Tanquana hilmarii (1)

These little gems occur on shale banks and slopes, where they are usually hard to detect. It is a harsh and arid habitat, which at first looks totally uninteresting. When you look carefully, you will however find out that these bare spots often harbour some astonishing miniature succulents like Conophytum joubertii, Gibbaeum nebrownii, G. dispar (see post 30 Jan. this year) and this Tanquana. The scarce rainfall here is often supplemented by early morning dew seeping into the fissures between the shale layers and providing just enough water for these dwarf plants. It is a hard life, especially for young seedlings (see first picture), but the advantage of a habitat like this is that there is no competition from bigger, faster growing -and more demanding- plants.
The pictures were taken near the eastern entrance to the Anysberg Nature Reserve (the first one on 21 April 2012, the other two on 27 Sept. 2010).

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More pics to come.

Othonna auriculifolia 1

Tuberous Othonnas are not very common in cultivation, mainly due I suppose because they are difficult to propagate. Taking cuttings is not really an option and seeds are hard to get and to germinate. It can hardly be caused by lack of appeal, as the following pictures will hopefully show you.
O. auriculifolia is quite widespread in nature, from the Bokkeveld Mountains to Uniondale on stony, clayey or sandy slopes and flats.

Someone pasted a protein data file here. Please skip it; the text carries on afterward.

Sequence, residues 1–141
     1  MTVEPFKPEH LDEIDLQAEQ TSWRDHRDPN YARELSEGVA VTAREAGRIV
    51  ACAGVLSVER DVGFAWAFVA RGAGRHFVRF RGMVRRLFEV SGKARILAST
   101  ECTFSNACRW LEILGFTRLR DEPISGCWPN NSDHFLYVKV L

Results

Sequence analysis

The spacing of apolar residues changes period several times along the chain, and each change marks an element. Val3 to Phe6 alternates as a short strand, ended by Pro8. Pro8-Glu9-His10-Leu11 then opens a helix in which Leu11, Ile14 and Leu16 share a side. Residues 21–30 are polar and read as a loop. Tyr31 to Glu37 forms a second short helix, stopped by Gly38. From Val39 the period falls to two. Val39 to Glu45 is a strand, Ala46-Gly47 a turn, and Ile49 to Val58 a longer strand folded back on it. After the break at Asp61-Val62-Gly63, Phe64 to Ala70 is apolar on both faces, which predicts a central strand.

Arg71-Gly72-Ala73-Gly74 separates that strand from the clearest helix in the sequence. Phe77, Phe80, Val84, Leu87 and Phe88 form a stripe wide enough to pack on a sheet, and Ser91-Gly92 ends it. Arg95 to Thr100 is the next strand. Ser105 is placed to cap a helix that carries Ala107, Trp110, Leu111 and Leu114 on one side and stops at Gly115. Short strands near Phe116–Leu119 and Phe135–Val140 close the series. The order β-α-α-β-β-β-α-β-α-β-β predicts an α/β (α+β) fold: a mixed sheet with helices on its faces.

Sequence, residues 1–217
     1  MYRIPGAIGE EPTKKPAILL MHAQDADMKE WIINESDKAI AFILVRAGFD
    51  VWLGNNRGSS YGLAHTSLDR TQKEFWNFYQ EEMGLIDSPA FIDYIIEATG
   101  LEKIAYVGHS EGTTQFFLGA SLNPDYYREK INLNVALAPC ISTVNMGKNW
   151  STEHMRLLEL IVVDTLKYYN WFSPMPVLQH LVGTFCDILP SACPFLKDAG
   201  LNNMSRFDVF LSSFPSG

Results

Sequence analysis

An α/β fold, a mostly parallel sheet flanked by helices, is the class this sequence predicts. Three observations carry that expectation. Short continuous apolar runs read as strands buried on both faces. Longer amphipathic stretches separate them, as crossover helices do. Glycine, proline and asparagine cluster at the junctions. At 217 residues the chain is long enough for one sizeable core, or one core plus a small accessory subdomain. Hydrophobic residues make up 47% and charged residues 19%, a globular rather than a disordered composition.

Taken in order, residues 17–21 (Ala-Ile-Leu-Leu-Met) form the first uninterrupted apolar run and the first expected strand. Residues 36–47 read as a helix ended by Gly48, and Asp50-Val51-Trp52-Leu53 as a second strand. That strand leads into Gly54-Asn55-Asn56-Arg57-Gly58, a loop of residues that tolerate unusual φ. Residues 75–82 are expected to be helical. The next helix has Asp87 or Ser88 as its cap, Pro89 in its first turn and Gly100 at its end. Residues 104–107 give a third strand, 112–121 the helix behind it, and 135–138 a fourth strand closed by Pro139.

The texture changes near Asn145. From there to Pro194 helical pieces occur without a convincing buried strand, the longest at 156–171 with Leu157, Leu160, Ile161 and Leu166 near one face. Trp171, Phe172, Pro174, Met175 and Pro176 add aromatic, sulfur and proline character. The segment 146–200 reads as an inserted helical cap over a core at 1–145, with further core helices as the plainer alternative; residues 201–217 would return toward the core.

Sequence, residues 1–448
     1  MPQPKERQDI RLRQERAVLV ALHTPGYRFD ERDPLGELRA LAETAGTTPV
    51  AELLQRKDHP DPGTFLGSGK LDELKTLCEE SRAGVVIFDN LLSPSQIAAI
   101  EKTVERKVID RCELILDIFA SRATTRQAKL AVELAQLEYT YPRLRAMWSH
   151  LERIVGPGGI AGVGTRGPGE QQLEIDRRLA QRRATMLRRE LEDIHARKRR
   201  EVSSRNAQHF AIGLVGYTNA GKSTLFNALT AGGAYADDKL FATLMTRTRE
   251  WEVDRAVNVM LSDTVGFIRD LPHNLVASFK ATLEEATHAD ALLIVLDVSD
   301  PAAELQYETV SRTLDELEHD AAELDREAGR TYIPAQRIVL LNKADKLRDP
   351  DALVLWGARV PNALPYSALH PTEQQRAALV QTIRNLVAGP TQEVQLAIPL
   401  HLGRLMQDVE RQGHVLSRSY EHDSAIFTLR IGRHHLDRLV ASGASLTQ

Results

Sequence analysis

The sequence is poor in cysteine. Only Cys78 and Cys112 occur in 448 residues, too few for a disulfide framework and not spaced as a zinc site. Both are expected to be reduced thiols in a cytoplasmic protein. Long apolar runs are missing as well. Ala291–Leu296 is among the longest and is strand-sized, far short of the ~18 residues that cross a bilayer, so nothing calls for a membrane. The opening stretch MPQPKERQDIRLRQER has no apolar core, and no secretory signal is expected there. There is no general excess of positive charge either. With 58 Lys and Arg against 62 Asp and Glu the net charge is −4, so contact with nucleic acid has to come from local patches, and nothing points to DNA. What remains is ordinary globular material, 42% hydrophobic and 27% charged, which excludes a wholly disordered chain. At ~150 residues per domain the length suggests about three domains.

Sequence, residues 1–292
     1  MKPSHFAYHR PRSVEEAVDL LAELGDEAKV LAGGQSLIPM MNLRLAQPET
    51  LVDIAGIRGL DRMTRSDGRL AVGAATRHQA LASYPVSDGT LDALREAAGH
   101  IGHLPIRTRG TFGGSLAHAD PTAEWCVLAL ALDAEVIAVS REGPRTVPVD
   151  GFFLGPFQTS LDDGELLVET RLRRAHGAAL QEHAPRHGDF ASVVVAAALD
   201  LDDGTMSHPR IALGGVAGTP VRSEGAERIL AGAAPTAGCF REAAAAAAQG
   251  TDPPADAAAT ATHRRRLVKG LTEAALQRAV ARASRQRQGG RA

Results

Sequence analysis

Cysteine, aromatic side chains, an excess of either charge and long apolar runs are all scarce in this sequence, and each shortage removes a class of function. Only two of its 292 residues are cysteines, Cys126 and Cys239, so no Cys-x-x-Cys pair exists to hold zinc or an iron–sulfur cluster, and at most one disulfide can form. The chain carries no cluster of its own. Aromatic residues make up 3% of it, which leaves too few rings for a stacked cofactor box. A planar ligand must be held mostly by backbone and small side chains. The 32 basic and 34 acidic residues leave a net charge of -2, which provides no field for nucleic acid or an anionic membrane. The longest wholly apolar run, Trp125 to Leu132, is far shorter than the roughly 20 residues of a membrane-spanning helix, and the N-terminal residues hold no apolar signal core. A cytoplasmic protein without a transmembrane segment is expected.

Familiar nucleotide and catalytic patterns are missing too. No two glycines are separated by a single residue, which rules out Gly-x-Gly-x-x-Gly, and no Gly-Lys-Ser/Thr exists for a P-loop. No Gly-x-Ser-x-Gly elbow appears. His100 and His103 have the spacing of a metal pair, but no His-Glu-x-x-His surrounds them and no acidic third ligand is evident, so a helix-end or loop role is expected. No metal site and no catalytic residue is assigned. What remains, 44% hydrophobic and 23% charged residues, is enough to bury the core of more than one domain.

The flowerheads are about 2 cm across and appear from April to September. The ray florets are always bright yellow, but the central ones may also be a darker yellow or even a very dark, almost black, purple.
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More pictures to follow.

Tridentea gemmiflora

Clumps of this species may become more than a meter in diameter. It is widespread on flats in dry scrub from Worcester to the Free State, but it is never common.
The beautiful and distinctive flowers are 4.5-10 cm across and appear from March to May. Usually they are deep brown to purple black with yellowish mottling, but sometimes the yellow spots are so dense that the colour pattern is almost reversed.

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Quaqua mammillaris 1

I find it quite difficult to make a good picture of the flowers of this species. They are so dark that they seem to absorb all the available light and turn black in the picture. Under an overcast sky, with enough light but no sun, one can see that the flowers in fact are a beautiful very dark purple. The flowers appear in autumn and winter (March-June).
The species has the widest distribution of the whole genus -from Namibia to the Little Karoo. The plants are few and far in between, growing on stony flats and slopes; they may become up to 60 cm tall.

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More pictures to follow